This site will look at the history of the ganja(marijuana) plant along with its primitive uses and how it became contraband. In addition, it will also at how non-secular nature of the Caribbean may have influenced the state of marijuana today
The Caribbean is an archipelago that is diverse yet shares many similar attributes. Agriculture is one such attribute that many islands shared due to a history of colonialism. Even after independence from former colonial rule, many of the islands still relies on agricultural produce and export for finance. With the combination of the fertile soil and tropical weather, the Caribbean became an ideal breeding ground for quality marijuana. The popularity of plant was sparked by the arrival of the indentured Indians, as the as the advent of the Rastafarian movement.
Jamaica and St. Vincent and the Grenadines remain two of the largest suppliers of cannabis in the region, yet it is still illegal in both countries mainly due to the drug trade and the fact that both nations along with much of the Caribbean are still very conservative towards drug laws. To this day, the legalization of Marijuana is still being challenged throughout the Caribbean. According to the 1961 Single Conventions on Narcotic Drugs, 1971 Convention on Psychotropic Drugs and the 1988 Convention against Illicit Traffic in Narcotic Drugs and Psychotropic Substances it is illegal to grow, possess, transport and consume marijuana. (Abel, 2011) Countries failing to enforce similar laws can face sanctions as well as tarnish diplomatic relationships. As a result, the growing and exporting marijuana became a black-market business where the lucrative benefits of the plant are becoming more noticeable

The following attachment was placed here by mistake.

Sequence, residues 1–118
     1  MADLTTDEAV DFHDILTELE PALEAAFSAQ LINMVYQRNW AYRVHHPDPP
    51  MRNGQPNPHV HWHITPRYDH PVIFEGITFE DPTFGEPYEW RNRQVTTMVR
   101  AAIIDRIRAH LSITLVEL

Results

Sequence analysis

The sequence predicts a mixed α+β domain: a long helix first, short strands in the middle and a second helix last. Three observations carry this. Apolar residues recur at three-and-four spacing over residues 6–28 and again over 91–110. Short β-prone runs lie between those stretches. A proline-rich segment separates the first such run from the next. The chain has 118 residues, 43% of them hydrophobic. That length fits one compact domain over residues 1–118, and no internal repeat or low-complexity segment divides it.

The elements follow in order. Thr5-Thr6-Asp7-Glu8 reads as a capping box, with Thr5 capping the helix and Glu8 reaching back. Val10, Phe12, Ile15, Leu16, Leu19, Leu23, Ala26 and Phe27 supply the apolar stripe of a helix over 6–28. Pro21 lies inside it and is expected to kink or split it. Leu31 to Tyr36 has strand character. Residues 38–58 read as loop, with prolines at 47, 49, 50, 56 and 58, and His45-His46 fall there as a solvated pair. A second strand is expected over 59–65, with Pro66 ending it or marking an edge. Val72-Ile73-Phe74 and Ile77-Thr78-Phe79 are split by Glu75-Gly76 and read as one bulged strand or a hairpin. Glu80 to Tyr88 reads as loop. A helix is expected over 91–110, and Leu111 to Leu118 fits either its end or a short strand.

Rough, Lisa. “Jamaica’s Cannabis Roots: The History of Ganja on the Island.” Leafly, 15 May 2015, http://www.leafly.com/news/lifestyle/jamaicas-roots-the-history-of-ganja-on-the-island.
Abel, et al. “Decriminalization of Marijuana: Is This a Realistic Public Mental Health Policy for Jamaica? .” West Indian Medical Journal, vol. 60, no. 3, June 2011.